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Moving to Subaccounts for NIH Award Payments

Proper award management and fiscal oversight are critical to maintaining scientific integrity and public trust in stewardship of federal funds. To this end, all HHS operating divisions, including NIH, are making changes that will affect how grantees manage their grant funds. One such change involves a shift from pooled account payments to subaccount payments.

Traditionally, NIH funding goes to grantee organizations in the U.S. into a single “pooled” account, which they access through the HHS Payment Management System (PMS) to draw down cash and pay for research expenses. We are now moving to a system that uses subaccounts, which means grantees draw down funds from award-specific accounts in the PMS. Foreign grantee organizations are already on the sub-accounting system, and ultimately all NIH grantees will use subaccounts as well.

We announced this transition for domestic grantees earlier this month after receiving a directive from HHS. Hearing concerns from our grantees and others regarding issues in the implementation of the policy, we worked with HHS to adjust the transition timeline. As a result, we will delay implementing the use of subaccounts for noncompeting continuation awards for one year, meaning we will not move these awards to subaccounts until the FY 2015 increment. However, all new awards including competitive renewals will be issued into subaccounts beginning October 1, 2013. The NIH Guide notice issued yesterday provides details on the transition by award type, and timing.

The end goal of issuing all NIH funding into subaccounts has not changed, and we plan to transition all award payments by the end of fiscal year 2015. The sub-accounting system will ultimately allow grantees and NIH to better understand how much money is available for distinct research projects. And this delay in placing noncompeting continuation awards into subaccounts until the next fiscal year will give the grantee organization time to adjust their systems and processes accordingly.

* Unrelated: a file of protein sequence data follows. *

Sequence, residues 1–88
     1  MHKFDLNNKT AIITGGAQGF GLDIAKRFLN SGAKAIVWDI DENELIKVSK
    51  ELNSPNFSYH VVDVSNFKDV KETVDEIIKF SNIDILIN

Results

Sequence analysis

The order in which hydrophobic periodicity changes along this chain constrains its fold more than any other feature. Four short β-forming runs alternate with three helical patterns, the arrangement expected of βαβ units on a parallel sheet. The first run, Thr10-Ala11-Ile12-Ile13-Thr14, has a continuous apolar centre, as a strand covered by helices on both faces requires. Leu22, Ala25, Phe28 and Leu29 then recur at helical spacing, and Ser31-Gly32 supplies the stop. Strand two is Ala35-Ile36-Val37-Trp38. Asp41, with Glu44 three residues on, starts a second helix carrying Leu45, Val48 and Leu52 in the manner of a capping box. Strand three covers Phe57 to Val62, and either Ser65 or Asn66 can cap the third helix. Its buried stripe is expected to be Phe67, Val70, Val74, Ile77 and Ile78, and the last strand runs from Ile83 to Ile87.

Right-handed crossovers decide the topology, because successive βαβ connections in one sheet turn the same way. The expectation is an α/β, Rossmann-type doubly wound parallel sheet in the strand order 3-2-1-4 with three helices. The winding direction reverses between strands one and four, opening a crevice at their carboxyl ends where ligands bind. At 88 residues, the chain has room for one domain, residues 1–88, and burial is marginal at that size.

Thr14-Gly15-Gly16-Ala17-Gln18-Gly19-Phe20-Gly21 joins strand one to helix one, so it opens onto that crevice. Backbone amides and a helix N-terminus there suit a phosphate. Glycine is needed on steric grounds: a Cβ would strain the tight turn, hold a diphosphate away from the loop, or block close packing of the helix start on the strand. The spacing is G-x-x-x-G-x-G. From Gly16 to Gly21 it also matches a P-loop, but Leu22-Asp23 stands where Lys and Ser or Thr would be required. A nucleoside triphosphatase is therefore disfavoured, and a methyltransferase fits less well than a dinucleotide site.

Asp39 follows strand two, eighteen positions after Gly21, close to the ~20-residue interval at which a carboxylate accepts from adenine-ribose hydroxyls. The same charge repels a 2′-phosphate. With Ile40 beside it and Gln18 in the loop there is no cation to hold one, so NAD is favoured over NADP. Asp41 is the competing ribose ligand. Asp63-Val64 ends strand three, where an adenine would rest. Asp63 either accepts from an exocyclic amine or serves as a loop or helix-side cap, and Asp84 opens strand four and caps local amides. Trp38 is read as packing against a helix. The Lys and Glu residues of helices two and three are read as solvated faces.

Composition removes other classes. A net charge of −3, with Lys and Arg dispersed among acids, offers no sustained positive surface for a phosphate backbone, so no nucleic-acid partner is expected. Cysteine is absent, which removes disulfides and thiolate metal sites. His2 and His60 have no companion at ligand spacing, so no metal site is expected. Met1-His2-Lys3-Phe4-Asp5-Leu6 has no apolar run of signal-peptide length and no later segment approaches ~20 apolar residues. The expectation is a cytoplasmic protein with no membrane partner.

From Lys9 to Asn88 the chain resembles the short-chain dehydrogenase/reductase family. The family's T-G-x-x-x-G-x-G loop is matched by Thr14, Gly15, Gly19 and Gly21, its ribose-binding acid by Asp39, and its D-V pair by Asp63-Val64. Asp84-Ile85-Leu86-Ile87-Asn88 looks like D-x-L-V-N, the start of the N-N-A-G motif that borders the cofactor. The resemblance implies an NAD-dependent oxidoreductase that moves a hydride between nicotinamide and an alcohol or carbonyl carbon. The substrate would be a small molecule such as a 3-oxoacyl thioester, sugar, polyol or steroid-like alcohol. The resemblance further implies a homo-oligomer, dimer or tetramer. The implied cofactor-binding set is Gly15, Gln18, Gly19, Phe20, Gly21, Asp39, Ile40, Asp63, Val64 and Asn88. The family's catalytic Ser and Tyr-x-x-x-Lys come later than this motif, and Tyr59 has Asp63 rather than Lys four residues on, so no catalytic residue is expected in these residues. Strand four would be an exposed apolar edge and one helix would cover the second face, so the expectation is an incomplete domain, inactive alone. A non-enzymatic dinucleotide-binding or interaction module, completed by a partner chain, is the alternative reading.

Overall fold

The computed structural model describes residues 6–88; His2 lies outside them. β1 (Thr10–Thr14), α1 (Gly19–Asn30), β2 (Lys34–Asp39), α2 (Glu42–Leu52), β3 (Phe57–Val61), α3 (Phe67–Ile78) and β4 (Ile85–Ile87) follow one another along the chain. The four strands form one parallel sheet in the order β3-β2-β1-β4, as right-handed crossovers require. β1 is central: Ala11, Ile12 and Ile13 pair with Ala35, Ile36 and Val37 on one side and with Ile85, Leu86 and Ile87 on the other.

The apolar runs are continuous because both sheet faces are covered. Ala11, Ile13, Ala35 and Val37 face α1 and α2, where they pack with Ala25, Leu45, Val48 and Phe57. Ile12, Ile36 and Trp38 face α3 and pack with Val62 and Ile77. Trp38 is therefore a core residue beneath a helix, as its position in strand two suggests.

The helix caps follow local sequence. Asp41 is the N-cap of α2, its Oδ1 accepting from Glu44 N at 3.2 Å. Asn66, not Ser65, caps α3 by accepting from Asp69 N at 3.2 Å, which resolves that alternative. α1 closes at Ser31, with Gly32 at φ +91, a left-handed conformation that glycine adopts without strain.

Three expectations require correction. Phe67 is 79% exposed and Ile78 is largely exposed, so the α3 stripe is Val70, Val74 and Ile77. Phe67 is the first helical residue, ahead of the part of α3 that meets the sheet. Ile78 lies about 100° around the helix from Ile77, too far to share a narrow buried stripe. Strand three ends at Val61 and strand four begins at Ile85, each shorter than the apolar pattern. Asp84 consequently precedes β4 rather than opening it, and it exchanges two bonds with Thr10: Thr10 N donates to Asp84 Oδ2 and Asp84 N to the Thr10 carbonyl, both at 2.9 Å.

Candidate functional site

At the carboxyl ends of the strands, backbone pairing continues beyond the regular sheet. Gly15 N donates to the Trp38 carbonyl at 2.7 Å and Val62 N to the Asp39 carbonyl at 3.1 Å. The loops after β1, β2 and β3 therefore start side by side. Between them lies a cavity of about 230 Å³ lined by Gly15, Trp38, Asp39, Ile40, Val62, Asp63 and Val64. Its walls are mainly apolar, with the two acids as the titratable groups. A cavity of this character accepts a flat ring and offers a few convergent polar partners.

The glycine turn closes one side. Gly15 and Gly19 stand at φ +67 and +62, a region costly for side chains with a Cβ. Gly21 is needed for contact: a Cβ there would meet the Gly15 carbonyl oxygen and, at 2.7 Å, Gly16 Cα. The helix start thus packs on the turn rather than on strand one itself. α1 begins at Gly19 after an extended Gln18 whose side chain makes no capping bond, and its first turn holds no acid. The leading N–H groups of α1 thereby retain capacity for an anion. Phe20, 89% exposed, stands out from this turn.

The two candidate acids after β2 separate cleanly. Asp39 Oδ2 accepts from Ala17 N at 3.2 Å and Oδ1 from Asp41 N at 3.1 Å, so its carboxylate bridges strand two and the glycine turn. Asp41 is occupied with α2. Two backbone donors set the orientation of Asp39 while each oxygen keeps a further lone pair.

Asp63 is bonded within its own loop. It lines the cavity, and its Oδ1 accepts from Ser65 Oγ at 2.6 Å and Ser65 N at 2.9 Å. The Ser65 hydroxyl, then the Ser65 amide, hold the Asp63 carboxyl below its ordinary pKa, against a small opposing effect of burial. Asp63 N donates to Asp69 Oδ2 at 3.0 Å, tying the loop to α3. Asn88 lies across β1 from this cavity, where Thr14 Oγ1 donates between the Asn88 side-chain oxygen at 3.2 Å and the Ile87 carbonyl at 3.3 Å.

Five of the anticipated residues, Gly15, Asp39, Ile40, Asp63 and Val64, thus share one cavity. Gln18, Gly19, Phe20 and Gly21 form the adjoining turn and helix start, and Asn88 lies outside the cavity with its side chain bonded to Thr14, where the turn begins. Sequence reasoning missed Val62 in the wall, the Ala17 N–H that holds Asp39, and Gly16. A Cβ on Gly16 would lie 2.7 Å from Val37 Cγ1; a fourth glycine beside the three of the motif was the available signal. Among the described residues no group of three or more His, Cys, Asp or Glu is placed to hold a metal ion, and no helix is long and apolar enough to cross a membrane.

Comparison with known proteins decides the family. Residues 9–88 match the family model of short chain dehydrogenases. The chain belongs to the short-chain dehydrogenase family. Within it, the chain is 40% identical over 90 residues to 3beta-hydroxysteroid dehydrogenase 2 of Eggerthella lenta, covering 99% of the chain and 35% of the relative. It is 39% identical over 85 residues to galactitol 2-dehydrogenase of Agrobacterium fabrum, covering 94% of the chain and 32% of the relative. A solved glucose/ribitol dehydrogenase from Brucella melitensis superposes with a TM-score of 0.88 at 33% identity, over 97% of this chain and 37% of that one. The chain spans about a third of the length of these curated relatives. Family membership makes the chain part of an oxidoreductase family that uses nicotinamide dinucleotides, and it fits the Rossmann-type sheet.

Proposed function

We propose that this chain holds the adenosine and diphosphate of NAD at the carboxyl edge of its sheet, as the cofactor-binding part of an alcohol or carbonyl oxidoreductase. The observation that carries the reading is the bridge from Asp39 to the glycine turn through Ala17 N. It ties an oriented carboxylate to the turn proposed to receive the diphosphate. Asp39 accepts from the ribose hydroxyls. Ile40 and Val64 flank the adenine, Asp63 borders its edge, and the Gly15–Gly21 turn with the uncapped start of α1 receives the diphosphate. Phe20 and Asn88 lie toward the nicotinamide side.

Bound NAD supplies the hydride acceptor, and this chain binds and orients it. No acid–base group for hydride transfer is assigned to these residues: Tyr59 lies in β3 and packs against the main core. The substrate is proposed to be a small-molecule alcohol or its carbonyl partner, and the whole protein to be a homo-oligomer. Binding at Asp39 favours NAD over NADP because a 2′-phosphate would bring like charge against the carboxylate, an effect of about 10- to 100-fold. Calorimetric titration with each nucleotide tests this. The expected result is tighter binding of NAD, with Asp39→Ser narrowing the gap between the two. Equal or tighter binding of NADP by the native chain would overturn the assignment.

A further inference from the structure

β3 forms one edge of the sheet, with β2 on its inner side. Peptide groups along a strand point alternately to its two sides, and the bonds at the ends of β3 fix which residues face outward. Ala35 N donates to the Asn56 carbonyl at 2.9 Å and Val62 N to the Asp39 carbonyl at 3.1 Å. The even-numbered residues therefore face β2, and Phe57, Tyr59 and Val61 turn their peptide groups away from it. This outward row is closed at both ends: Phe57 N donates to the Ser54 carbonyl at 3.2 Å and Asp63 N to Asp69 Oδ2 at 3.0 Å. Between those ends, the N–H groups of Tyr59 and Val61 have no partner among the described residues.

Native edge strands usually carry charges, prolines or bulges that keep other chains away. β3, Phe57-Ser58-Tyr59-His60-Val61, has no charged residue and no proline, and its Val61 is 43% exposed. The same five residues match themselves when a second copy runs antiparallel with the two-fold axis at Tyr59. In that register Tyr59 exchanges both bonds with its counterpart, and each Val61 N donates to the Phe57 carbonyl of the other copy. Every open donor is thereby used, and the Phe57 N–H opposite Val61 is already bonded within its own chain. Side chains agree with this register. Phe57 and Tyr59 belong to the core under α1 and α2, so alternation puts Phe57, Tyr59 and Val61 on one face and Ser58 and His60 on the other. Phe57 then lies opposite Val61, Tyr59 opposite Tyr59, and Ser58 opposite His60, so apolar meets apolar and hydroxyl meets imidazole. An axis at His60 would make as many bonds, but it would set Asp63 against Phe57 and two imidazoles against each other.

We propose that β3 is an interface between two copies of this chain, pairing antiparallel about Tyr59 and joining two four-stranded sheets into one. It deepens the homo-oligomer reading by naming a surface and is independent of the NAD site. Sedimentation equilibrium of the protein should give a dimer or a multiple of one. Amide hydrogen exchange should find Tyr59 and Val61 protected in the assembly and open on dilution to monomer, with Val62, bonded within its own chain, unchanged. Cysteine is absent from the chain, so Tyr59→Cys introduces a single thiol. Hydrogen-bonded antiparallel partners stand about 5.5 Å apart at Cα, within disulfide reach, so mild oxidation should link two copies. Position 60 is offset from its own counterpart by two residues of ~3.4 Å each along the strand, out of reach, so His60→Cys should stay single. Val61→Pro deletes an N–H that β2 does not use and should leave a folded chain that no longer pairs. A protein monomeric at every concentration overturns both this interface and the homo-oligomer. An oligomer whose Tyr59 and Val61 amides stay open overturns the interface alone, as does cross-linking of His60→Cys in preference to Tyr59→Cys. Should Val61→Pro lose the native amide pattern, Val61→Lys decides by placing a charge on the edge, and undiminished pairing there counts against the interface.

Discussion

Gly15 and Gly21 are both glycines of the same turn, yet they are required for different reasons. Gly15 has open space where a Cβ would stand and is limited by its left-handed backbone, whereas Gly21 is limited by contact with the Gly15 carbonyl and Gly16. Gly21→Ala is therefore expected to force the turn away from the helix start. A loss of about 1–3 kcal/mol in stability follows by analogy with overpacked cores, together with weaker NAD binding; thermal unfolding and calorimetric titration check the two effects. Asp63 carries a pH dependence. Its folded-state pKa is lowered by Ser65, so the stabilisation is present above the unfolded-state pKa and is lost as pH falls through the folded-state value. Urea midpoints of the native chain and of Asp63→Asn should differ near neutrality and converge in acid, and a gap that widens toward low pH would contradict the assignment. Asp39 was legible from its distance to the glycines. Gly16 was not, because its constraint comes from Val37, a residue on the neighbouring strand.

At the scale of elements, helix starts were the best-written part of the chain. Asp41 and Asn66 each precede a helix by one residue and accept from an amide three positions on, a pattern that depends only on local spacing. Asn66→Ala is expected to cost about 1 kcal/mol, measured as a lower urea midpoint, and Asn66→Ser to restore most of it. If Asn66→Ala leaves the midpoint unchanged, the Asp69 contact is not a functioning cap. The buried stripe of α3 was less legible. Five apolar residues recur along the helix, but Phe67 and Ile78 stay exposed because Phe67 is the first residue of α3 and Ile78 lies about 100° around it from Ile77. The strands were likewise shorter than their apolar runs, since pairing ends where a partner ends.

I encourage you to review the new Guide notice (NOT-OD-13-120), and the related frequently asked questions, which includes detailed information on the implementation timeline and how this transition works for all NIH awards.

4 thoughts on “Moving to Subaccounts for NIH Award Payments

  1. I applaud the decision to delay for 1 year the moving of noncompeting continuation awards into subaccounts. I also understand that the sub-accounting system will allow grantees and NIH to better understand how much money is available on projects. However, I feel the quarterly reporting on projects in the sub-accounting system is a duplication of effort that will provide only outdated information. I cordially request that NIH reconsider requiring quarterly reporting on sub-accounts.

    Laura Smith
    Sr. Financial Associate
    Sponsored Projects Administration
    Oregon Health & Science University

  2. Will this eliminate “double-indirect” costs that get charged when a subcontract gets issued to a second university (e.g., first set of indirects on whole grant to university1 and then indirects added to subaward to university2)? This has always seemed so wasteful to me.

  3. This apparently requires that an awardee (a tiny business, in my case) compute the grant drawdowns for every grant separately, when drawing down money for, say, payroll. True?

    To see why I ask: Paying 6 people averaging 4 “direct” salaries plus 2 “indirect” will apparently require computing the company’s running indirect rates and billing all 3 grants according to the specific hours charged by the 4 “directs” plus proportional time for the 2 “indirects” — something that is a mild burden when we now do it quarterly. (If you imagine that, with 6 people, each person works solely on 1 grant, or solely as indirect: They don’t. We can’t. So the grant drawdown varies in every payroll.)

    And if we just have, say, the rent check to write: We must compute each grant’s share of the rent (which will surely NOT be 1/3 for each) and draw down from all 3 grants. Right?

    Can you offer any help? This seems like an extraordinary increase in the burden, from a few hours once a quarter to approximately every week.

  4. This policy seems to be an example of adding significantly to the cost of administering grants without a clear benefit. To a lay person, it is not clear why project specific final budget reports not sufficient to guarantee appropriate stewardship of federal funds. If they are not, it is not clear how this policy will improve that. The public whose trust this policy aims to engender also has a growing intolerance for inefficiency. I hope public advisory groups were consulted including a true estimate of the cost-benefit of the change to both NIH and external researchers. It is not clear that the net global result will not be a transfer of funds from research to administration.

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